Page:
Welcome to the Chaos

You have stumbled upon the new blog (i.e. random babblings) of a quirky single mom. A shoot-from-the-hip, anti-pink (yet almost gaggingly perky), non-traditional, can cuss like a sailor but loves insanely and has the save the world syndrome gal who is bracing for a future as a Crazy Cat Lady though she secretly hopes like hell it doesn't come true. Enjoy your stay and feel free to say hi- I don't bite. Well, unless we're dating and you are into that type of thing or you contain peanut butter. >;-)

About Me

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Quirky single mom of two monkeys. I used to beat up the kids that picked on the "special students" during recess. Now I work with those with chronic mental illness. I speak quite a few languages, enjoy coed naked underwater basket weaving, have an addiction to Sushi and humor is my defense mechanism. Arrogant people make my right eye twitch. I'm ambidextrously brained, I will knit for tattoos, I am the friend that everyone comes to for advice and bail money. I pride myself on keeping my eyes, ears, heart and mind open. Making me laugh goes a long way with me, I think the brain is the sexiest organ and I'm the kinda gal you can take anywhere and I'll have a good time. Other than that, I'm just me.

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Give Me Your Veggies, Your Special & Your Furry- Pt. 1

"You know what your problem is, Pee Wee? You have 'Save The World Syndrome.' You wanna save everyone and everything in this world and you're never going to be able to do it."

"Maybe not, but I'm gonna die trying then, Dad."

I was 14 at the time. The cause? A stray cat.

I trust you won't be taken aback by my divulging that I was an odd, odd lil girl growing up. I hated meat. My three fave foods were peanut butter & banana sammiches, raisin bran and mac & cheese. Not only did I love veggies, to my sis's great joy, I always ate her lima beans for her. Once, I sat in the dining room for three hours chewing a bite of pork chop my father insisted I try, yet I refused to swallow. My mom finally took pity on me. This lil paragraph is going to seem a bit out of place as I jump ahead, but trust me.. it will all make sense in the end. Well, maybe more toward the middle really. Just enjoy the ride.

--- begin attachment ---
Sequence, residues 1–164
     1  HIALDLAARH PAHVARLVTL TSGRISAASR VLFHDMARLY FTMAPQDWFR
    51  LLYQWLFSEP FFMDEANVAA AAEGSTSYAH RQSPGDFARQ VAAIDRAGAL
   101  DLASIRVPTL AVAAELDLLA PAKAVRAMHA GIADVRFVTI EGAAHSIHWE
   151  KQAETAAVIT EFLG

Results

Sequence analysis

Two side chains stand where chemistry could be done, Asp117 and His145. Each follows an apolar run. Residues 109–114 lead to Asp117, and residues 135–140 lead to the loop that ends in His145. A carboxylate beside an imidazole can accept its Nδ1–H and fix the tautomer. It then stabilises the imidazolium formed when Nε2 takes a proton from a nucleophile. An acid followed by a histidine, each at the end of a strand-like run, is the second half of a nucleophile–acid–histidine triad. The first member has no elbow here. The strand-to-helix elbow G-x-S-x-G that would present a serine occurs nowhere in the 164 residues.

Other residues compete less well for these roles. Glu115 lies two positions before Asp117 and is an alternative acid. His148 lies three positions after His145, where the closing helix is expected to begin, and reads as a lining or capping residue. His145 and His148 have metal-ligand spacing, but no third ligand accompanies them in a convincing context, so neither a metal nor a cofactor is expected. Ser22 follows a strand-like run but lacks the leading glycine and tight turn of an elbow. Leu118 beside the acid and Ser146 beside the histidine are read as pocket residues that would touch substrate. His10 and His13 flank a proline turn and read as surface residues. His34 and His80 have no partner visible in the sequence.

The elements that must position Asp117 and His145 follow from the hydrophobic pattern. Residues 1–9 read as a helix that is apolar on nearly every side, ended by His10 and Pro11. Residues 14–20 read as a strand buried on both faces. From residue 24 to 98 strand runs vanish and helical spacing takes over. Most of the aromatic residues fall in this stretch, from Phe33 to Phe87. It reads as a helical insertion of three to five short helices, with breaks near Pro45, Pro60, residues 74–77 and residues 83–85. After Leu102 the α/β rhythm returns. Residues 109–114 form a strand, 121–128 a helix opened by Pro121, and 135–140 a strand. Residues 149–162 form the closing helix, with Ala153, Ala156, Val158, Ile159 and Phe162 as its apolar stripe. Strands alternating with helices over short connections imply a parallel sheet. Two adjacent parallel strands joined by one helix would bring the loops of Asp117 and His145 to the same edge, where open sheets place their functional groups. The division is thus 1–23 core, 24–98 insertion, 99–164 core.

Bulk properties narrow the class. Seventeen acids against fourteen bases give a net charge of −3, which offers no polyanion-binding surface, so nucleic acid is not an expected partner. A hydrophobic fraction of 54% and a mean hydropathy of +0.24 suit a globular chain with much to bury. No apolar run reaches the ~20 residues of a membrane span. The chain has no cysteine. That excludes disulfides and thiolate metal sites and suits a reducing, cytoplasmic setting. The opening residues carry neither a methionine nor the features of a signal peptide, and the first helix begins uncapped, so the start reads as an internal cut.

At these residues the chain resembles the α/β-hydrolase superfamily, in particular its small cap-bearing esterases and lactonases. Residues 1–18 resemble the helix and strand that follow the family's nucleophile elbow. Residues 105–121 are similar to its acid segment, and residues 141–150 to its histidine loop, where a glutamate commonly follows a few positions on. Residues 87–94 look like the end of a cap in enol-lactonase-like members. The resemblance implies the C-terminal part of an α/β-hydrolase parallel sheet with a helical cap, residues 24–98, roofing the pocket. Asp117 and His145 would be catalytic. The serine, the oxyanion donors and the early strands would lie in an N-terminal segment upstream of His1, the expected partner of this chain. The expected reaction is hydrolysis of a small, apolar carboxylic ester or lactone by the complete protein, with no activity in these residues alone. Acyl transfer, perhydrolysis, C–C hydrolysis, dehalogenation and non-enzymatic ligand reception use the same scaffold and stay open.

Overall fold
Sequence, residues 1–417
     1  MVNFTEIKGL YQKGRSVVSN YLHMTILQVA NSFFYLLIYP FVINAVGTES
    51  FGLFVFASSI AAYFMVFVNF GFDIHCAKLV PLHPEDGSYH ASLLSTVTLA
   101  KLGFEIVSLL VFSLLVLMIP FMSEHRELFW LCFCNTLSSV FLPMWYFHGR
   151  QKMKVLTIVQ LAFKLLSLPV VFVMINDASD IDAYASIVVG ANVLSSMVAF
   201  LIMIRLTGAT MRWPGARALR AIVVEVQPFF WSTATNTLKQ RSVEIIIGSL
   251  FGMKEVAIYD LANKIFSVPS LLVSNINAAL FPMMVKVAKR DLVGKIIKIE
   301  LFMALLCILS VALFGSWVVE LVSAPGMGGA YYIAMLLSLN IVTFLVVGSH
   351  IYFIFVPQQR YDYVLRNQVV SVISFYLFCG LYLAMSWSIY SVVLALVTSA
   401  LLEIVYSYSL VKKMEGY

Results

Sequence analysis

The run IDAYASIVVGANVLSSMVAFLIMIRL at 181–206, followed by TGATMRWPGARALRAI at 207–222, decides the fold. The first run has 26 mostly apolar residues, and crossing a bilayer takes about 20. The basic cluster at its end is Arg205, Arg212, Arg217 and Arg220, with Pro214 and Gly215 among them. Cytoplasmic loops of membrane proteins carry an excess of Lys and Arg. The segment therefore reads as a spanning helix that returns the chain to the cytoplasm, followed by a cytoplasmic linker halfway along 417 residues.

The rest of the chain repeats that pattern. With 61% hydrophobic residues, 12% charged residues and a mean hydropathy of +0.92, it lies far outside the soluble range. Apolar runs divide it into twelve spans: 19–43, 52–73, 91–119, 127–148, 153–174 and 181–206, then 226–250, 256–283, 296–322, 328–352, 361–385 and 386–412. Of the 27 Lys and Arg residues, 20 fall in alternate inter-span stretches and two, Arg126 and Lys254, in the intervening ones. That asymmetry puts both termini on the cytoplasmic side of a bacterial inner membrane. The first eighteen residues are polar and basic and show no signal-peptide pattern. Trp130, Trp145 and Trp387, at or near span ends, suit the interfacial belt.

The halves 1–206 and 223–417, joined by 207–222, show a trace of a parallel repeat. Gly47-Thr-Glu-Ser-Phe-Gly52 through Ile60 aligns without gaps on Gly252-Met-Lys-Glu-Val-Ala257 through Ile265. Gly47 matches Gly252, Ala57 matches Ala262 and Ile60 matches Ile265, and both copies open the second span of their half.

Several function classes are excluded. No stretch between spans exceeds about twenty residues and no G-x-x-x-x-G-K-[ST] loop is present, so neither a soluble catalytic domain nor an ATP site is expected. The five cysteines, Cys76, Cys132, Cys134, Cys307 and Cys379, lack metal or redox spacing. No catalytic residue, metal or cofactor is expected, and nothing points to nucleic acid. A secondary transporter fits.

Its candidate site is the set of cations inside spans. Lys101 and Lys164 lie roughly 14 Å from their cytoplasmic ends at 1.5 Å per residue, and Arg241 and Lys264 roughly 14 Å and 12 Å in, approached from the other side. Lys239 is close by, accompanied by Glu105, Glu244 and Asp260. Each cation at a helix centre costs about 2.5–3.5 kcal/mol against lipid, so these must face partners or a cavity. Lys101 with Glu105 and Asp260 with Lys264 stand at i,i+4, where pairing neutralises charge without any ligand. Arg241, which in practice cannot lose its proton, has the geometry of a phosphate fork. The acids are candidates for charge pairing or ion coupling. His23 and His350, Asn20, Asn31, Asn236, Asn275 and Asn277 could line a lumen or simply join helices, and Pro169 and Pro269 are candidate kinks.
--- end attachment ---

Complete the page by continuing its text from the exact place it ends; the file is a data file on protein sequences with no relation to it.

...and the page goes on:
My first true sign of activism came at the ripe old age of five. To this day, my parents are still baffled as to where it came from. Honestly, I've never cared where, when, why or any of that- it's simply a part of who I am. I tend to breathe in with the good and boldly expel the bad. Anywho. First week of Kindergarten. I was already getting yelled at by Mrs. H daily for asking to read the book to the class at story time. "You can't read!" "Yes I can!" By the time Wednesday rolled around, I was feelin' fiesty.

Recess time. I watched a stray dodge ball take off, with no one after it. I didn't know then that it would land in my destiny, I simnply saw an excuse to run. While I'm scooping it up, I realize there is a rucous of laughter with an undertone of the sound of a girl crying. It didn't take long for me to scan the playground and see a group of kids I hadn't noticed the other two days. Some looked exactly like me, two had foam helmets on, one was in a wheelchair and a few had what I would learn later on were some visual characteristics of Down's Syndrome. The girl that was crying, was also bleeding from her cheek. Surrounding them was a group of older kids. Fifth graders to be exact. Now, I knew the first group was different in my head, but, in my heart, they were just kids. As I wandered closer, one of the older kids threw a rock at one of the lil boys in a helmet.. Though it missed him, he was still scared.